Wednesday, May 2, 2018



INVISIBLE FISH by Susan F. Glassmeyer
(Dos Madres Press, Loveland, OH, 2018)

As an animal lover, I was struck by “On Old Congress Run Road,” the second poem in Susan F. Glassmeyer’s INVISIBLE FISH as it presents about a “lost Lab” who was “sideswiped by a car going north on the pike, / then struck by a driver heading south.” It’s to the poet’s credit that she was able to draw out such a painful narrative with elegance and grace. Here are the last three stanzas:

Such an accomplishment as “On Old Congress Run Road” could not be possible, it seemed to me after my first read, without some deep empathy by the poet—an empathy that allows moments not just to be fully described but imbued with resonant significance. Indeed, I sensed the same quality right away from the next poem:

The combination of the first three poems (yes, the first poem “Ohio Ice Storm”, which ends “May we never break / from all this beauty,” is also movingly effective) made me anticipate that the next poem might be a weak(er) one—that the position of fourth poem might be where the poet chooses to place a  more modest poem to allow the reader a sort of rest stop from the intensities of the prior three.  Yet the fourth, fifth, sixth … poems were also alchemically distilled to reverberate. Here’s another poem:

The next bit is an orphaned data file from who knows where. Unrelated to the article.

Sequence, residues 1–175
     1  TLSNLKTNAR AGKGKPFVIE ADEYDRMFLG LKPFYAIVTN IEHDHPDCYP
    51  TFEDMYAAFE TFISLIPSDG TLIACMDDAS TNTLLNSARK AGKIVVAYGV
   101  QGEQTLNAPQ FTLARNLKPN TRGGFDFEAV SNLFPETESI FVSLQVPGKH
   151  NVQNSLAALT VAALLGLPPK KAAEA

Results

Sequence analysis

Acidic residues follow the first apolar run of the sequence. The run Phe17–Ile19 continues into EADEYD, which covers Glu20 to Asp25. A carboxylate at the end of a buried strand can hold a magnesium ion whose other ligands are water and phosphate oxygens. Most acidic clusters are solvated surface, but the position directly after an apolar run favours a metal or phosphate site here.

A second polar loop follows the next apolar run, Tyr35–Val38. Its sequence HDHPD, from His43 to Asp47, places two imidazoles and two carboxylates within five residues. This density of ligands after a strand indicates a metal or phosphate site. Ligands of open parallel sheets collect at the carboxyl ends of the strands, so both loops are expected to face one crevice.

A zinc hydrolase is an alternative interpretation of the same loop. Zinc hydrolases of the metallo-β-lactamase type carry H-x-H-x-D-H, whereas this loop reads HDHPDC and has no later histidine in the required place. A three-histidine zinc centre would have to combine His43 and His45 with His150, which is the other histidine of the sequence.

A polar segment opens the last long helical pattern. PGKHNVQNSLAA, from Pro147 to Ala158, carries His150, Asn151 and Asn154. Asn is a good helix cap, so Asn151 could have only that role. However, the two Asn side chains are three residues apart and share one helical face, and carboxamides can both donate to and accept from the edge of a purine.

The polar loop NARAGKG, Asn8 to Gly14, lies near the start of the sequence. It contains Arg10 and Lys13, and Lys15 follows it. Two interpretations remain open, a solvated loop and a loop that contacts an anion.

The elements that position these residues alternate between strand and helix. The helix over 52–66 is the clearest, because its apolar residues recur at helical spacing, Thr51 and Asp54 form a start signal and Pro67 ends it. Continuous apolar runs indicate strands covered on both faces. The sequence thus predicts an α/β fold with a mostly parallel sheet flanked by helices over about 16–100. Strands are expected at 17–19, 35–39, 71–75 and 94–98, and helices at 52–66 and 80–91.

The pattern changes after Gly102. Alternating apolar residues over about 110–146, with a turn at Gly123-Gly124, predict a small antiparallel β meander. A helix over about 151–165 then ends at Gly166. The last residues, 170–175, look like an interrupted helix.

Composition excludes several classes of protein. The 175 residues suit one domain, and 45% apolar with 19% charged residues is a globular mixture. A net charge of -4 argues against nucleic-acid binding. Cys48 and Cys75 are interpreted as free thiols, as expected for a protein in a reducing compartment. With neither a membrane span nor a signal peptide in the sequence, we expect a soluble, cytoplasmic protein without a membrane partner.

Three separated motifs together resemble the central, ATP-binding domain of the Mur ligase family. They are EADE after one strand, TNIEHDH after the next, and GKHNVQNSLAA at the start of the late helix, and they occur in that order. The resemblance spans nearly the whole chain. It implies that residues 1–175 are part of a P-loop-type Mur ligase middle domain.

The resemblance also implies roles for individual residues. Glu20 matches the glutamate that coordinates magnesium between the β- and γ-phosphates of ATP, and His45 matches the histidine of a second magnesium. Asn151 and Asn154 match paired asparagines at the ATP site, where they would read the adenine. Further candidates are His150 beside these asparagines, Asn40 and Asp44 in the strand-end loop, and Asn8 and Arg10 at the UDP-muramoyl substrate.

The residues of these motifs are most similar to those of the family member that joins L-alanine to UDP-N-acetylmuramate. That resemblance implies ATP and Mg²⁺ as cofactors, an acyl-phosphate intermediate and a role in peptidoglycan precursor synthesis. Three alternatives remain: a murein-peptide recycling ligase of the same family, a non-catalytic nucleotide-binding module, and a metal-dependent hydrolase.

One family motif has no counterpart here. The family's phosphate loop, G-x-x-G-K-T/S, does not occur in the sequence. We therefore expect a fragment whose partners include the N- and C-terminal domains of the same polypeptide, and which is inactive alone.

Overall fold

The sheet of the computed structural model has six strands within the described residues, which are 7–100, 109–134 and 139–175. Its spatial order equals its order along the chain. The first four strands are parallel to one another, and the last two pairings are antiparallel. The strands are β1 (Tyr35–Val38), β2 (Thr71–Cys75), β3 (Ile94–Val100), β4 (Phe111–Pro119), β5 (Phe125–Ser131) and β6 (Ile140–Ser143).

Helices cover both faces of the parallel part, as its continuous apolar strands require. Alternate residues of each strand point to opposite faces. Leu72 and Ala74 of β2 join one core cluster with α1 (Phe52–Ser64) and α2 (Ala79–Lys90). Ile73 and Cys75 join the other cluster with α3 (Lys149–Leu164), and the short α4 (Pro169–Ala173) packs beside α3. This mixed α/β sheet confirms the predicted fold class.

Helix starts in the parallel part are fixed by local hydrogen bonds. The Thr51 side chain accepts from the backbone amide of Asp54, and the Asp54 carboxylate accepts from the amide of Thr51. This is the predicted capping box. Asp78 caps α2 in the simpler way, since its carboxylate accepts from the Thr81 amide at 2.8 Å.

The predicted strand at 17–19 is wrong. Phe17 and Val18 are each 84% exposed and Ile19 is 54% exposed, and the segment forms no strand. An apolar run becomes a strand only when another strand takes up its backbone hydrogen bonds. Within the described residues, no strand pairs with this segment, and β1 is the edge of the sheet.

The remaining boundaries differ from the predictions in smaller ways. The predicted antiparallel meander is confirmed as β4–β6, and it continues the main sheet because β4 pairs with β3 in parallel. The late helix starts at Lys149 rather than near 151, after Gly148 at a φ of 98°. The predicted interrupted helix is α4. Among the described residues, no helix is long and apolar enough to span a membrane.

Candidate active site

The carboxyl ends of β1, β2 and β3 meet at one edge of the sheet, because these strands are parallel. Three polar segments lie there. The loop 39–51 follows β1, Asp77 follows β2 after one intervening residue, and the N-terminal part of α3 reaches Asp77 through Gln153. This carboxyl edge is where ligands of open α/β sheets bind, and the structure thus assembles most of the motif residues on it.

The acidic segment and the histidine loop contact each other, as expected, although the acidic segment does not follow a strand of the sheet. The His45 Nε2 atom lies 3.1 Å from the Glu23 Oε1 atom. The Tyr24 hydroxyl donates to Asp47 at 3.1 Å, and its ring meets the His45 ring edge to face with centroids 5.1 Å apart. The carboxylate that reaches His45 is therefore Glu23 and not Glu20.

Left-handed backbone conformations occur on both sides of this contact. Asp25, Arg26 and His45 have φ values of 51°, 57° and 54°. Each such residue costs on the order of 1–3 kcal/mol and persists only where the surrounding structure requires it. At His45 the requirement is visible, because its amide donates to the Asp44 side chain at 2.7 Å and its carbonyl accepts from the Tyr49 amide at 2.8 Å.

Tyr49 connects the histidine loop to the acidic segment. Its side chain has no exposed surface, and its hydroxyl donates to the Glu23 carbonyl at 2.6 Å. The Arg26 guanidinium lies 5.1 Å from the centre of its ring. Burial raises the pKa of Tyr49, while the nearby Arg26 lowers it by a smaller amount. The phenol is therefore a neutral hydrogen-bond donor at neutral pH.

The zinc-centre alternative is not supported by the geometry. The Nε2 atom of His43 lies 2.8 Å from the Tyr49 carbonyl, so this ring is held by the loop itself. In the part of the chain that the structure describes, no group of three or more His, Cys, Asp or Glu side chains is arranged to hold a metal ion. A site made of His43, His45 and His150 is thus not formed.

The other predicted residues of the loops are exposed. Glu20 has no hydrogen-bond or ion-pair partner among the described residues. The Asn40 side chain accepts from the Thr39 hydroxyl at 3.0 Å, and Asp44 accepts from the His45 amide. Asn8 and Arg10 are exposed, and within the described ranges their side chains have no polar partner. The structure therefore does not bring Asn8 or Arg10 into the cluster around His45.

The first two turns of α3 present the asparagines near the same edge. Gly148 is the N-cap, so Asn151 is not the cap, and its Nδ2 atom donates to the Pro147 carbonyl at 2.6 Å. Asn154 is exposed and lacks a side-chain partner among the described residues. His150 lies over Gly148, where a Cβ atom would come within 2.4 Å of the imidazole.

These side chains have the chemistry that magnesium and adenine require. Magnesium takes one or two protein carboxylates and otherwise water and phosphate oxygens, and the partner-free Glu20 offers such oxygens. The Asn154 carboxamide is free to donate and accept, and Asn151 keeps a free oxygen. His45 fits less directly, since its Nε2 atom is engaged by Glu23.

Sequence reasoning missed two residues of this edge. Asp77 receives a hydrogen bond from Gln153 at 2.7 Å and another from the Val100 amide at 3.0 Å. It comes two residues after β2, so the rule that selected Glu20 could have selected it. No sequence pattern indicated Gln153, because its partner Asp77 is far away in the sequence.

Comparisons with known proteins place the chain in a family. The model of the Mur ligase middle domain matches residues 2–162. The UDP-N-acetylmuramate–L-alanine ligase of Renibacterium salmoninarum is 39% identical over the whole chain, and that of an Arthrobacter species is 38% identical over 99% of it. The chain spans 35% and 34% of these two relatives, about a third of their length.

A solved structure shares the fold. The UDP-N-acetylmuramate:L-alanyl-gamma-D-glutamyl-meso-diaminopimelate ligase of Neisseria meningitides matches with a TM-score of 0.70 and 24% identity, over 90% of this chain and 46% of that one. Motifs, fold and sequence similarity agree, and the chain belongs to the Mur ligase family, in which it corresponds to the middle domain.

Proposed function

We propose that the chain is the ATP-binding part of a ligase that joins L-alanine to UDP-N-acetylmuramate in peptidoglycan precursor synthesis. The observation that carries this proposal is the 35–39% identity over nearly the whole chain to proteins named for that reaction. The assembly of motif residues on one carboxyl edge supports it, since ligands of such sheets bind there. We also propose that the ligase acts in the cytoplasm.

Thus, with growing gratitude, I continued reading until I finished the entire collection, after which I concluded: there is not a single superfluous poem. Each poem is magnificent in its own way.  I can only describe the effect of Glassmeyer’s poems to be the admirable result of writing with nerve endings. This is obviously not easy to achieve. I am grateful for her prowess and end with a deft shard:


Eileen Tabios is the editor of Galatea Resurrects (GR)She loves books and has released over 50 collections of poetry, fiction, essays, and experimental biographies from publishers in nine countries and cyberspace. Her 2018 poetry collections include HIRAETH: Tercets From the Last Archipelago, MURDER DEATH RESURRECTION: A Poetry Generator, TANKA: Vol. 1and ONE TWO THREE: Selected Hay(na)ku Poems which is a bilingual English-Spanish edition with translator Rebeka Lembo. She is the inventor of the poetry form “hay(na)ku” which will be the focus of a 15-year anniversary celebration at the San Francisco and Saint Helena Public Libraries in 2018. More information is available at